Theodore Taylor died this week. He was best known as author of The Cay, a book that has stayed with me since I read it in fifth or sixth grade. The book has a premise appealing to an 11 year old as it imagines a boy that age during World War II who, after the boat he is riding on is torpedoed, ends up on a small island with an old black man, Timothy, and a cat. The boy, Phillip, has been blinded in the accident, and he has an ingrained mistrust of Timothy. Though the book is a story of how Phillip comes to love Timothy, it is unsentimental and peppered with enough adventure to keep a young reader interested. Unlike The Lord of the Flies that other classic about the youthful shipwrecked, The Cay felt more real to me as it wasn’t as weighted down by allegory. I hope kids still read The Cay in school.Taylor’s obit in the LA Times.
Glenn Goldman, founder and owner of Book Soup, an independent book store in West Hollywood died yesterday. Goldman died of pancreatic cancer, an illness that came on suddenly, and he leaves behind two sons and his store. Glenn created, almost out of nothing, a great treasure of a book store that has meant a lot to me, and I’ll always be thankful to him for that.I started working at Book Soup in late 2001. I needed money and jobs were tough to come by, and I had been fairly discouraged by what I’d been doing in Los Angeles to that point.Book Soup became special to me for three reasons. First, almost immediately it broadened my reading horizons. I’d always been an active, curious reader but within weeks of working at Book Soup, I realized how proscribed my knowledge of books had been. Despite growing up in a house full of books and despite taking more than a few literature classes in college, my true introduction to the world of literature and publishing was being surrounded by books for three years and meeting dozens of writers who stopped by the store. Glenn handled all the book ordering at the store, and every book I read during that time was at my fingertips because of him.Secondly, I met a bunch of amazing people, several of whom I’m still in touch with today (including Edan, who writes for this blog, and her husband Patrick who used to). Los Angeles isn’t exactly the intellectual wasteland that east-coasters (and San Franciscans) make it out to be, but the concentration of wonderful minds and vibrant personalities at that store was a very special thing, particularly in that city, but anywhere really. However different we all were, we shared a love for books and an appreciation for the sublime wackiness inherent in a book store on the Sunset Strip. I met a lot of smart people in Los Angeles, but the bookstore that Glenn built was the intellectual center of the city for me. Right there, in the neon, limousine wasteland of the Sunset Strip were thousands of books. It was a crazy, brilliant idea.Finally, looking back, it seems clear to me that my job at Book Soup was one of those pivotal experiences that set my life on a certain course.More than five years ago, I decided to use this blog to write about books, and that decision was almost solely based on my experience working at Book Soup and wanting to bring it home with me. The blog and what I learned from running it, propelled me to go to graduate school for journalism and it introduced to me to hundreds of new people. I was able to put this great team of writers together and I landed on the radio and have seen my name in newspapers and magazines.The point is: I owe quite a lot to this blog. This blog owes everything to Book Soup. And Book Soup owes everything to Glenn Goldman. He will be missed.More: The LA Times obit, Edan remembers, Patrick remembers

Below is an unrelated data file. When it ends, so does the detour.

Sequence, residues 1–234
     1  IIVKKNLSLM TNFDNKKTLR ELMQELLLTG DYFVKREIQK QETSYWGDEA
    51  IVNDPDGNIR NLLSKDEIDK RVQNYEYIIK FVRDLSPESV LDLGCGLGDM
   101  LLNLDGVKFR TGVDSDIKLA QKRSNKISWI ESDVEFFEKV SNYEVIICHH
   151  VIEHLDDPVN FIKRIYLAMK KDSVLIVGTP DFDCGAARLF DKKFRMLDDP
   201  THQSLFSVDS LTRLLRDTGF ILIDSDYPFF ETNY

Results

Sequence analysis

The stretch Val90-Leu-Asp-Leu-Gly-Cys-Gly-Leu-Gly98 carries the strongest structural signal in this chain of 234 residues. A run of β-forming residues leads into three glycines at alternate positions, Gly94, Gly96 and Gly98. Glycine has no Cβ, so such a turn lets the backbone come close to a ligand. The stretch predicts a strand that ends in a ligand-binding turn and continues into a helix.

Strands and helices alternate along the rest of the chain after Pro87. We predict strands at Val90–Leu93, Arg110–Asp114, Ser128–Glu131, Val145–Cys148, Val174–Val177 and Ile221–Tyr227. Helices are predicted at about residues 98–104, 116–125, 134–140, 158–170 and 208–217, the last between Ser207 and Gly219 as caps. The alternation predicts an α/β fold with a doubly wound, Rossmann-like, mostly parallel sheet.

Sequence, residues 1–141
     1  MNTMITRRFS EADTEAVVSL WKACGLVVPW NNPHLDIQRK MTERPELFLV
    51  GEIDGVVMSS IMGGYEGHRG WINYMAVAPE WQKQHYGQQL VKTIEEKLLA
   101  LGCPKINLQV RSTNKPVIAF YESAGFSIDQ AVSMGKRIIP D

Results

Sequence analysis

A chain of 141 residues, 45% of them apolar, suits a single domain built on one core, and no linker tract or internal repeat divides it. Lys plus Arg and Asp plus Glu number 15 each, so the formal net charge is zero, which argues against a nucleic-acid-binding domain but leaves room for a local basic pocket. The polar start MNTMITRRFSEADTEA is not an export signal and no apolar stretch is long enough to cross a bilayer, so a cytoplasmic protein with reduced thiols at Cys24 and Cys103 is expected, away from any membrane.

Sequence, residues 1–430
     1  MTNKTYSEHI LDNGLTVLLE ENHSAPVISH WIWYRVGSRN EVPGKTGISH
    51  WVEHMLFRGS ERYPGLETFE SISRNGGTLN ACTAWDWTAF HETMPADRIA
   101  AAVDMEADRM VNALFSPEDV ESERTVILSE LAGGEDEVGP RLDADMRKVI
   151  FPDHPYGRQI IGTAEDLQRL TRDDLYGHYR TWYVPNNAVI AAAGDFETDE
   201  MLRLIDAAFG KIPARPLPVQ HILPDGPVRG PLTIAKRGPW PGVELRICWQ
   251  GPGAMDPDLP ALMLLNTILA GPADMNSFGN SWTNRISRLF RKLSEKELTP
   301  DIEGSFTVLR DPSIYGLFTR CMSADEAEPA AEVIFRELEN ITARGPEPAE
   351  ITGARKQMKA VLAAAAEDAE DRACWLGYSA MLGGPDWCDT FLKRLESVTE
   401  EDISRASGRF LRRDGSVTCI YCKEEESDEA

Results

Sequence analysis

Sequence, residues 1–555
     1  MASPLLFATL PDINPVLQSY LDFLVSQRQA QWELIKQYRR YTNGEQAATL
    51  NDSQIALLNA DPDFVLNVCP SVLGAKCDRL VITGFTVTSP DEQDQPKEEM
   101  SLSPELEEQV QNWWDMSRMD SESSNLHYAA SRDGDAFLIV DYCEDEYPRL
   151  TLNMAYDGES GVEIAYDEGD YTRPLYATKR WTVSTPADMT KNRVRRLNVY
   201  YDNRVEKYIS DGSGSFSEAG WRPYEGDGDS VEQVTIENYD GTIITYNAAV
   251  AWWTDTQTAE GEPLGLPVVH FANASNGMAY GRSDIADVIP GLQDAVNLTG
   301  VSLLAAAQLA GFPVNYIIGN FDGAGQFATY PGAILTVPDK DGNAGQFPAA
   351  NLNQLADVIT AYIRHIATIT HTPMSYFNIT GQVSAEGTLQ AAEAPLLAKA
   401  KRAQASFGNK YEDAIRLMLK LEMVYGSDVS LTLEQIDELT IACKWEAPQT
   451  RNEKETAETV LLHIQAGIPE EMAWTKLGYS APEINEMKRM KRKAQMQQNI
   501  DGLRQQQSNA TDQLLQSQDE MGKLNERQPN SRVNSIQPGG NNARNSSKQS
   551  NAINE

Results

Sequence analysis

Vanity Fair remembers Christopher Hitchens, a favorite of ours who was always fun to root for, and who, as you’ve no doubt heard by now, died last night. Andrew Sullivan remembers an email exchange from happier times. Hitchens’ ebook from this year, The Enemy, is in our Hall of Fame, and we reviewed his memoir, Hitch-22, last year.